It is the oldest mark of difference, but sometimes borne as a charge. As a difference (in English heraldry), it was used to mark the elder son, generally by the princes of the royal house. Differences, or marks of cadency, are the distinctions used to indicate the various branches (cadets) of a family. The eldest son, during the lifetime of his father, bears the family arms with the addition of a label; the second son a crescent, the third, a mullet, the fourth, a martlet, the fifth, an annulet; the sixth, a fleur-de-lis; the seventh, a rose; the eighth, a cross moline; the ninth, a double quatrefoil.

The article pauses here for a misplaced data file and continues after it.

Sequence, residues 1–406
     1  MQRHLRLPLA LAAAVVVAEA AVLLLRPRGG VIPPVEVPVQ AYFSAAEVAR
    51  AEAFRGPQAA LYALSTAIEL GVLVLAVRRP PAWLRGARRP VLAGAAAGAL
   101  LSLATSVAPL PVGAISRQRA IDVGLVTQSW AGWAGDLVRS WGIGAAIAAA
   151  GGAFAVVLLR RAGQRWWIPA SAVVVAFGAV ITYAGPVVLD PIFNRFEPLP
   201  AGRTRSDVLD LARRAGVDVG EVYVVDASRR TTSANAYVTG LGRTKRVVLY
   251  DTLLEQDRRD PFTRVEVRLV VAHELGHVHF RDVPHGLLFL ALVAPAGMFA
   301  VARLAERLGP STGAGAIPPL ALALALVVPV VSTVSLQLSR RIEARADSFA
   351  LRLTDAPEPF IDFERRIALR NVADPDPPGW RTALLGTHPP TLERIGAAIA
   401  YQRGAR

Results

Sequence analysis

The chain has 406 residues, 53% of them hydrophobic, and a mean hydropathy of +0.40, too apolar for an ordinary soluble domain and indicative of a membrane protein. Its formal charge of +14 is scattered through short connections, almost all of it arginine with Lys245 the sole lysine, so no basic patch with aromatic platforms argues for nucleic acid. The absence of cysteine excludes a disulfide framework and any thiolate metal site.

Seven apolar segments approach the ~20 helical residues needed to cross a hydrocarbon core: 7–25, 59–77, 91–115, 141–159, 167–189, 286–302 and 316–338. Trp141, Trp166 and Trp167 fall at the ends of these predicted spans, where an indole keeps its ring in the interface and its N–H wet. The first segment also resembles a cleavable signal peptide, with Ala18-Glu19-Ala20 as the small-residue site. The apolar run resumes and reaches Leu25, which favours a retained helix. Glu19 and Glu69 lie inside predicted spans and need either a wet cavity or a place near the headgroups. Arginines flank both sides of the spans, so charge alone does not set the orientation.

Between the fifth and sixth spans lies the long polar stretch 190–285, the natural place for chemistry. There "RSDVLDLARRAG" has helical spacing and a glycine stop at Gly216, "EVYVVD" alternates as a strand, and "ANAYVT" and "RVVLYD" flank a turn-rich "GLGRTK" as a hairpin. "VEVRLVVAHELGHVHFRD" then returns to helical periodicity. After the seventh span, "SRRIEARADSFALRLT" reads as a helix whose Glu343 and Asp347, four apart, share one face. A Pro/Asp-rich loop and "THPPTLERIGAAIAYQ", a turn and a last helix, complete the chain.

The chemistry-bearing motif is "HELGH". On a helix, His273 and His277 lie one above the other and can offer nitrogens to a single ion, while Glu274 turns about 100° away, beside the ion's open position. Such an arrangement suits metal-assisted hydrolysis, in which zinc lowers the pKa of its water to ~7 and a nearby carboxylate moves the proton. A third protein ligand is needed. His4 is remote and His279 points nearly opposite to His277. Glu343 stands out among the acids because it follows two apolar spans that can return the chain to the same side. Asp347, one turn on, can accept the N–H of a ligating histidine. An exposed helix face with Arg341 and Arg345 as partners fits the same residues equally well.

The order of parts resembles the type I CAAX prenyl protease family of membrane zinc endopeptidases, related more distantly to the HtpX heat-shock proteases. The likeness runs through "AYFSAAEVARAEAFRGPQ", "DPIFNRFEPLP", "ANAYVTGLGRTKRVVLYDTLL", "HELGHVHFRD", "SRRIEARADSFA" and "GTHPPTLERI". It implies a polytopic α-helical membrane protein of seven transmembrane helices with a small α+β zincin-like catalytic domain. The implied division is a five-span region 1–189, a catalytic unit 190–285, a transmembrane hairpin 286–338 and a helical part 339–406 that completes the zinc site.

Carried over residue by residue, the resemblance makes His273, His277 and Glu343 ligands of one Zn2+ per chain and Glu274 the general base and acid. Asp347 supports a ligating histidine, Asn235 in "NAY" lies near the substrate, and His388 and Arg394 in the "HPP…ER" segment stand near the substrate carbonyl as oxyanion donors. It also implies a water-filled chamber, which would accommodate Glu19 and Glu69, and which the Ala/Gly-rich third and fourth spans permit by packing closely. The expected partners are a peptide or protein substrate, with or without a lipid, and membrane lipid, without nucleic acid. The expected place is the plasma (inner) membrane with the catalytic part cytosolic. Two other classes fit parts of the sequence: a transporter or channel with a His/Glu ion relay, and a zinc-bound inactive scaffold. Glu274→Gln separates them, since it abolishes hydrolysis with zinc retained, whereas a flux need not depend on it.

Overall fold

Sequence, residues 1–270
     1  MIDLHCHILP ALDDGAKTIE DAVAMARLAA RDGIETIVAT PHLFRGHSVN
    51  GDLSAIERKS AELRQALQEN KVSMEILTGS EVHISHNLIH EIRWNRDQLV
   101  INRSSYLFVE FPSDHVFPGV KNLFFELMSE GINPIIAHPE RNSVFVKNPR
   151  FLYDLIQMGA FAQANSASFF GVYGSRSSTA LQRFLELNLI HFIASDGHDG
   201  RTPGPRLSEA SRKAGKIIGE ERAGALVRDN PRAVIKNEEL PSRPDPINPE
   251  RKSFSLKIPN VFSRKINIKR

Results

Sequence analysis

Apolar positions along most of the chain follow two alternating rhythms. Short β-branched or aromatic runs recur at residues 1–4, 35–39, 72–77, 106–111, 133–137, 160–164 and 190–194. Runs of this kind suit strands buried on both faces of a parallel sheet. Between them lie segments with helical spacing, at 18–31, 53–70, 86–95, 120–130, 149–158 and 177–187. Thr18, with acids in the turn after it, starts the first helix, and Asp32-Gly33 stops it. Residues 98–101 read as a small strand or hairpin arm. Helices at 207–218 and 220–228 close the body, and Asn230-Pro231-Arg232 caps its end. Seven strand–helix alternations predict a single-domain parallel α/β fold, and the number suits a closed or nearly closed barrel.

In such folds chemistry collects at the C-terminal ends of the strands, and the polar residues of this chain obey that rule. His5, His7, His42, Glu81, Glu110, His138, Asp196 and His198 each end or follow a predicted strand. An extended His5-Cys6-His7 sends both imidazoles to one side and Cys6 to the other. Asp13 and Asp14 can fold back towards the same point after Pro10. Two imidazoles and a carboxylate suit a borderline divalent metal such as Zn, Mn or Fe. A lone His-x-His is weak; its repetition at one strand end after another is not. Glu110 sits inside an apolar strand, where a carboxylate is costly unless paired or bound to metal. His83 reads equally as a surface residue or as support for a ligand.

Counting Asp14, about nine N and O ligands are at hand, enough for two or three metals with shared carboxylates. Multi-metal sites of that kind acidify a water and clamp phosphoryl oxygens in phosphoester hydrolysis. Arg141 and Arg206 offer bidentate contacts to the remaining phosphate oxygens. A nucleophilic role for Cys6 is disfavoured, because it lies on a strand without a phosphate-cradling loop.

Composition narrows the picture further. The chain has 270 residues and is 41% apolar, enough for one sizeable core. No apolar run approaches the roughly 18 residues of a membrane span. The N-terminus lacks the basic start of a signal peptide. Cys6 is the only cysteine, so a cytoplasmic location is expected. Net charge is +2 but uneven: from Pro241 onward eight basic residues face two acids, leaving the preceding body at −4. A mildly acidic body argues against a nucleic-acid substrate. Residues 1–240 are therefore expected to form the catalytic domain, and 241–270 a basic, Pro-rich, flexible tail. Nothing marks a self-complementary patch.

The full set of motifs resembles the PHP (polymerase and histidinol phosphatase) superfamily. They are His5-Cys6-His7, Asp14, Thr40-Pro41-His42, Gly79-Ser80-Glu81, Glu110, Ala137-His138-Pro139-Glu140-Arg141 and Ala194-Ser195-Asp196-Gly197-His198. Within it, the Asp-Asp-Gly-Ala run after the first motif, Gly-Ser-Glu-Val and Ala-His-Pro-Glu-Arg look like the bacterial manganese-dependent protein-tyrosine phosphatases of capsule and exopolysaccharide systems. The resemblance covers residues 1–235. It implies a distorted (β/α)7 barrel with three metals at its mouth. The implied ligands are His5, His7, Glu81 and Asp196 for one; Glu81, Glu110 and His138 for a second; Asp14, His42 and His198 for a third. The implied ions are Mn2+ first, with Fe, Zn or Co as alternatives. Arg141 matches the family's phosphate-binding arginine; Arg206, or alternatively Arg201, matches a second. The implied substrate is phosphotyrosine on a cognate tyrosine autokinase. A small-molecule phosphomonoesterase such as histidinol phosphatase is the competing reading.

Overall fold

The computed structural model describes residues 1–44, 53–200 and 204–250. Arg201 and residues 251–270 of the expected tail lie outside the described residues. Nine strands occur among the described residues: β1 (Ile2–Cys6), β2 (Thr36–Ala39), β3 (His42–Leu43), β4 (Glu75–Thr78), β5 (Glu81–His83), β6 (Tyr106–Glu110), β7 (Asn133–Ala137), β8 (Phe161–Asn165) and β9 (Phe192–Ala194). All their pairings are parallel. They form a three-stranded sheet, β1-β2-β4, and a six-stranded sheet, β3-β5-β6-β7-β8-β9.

The label's number of points did not necessarily mean anything, although the label of three points was supposed to represent the heir during the lifetime of his father; five points, during the lifetime of his grandfather; seven points, while the great-grandfather still lived, etc. According to the modern system, the elder son of an elder son places a label upon a label.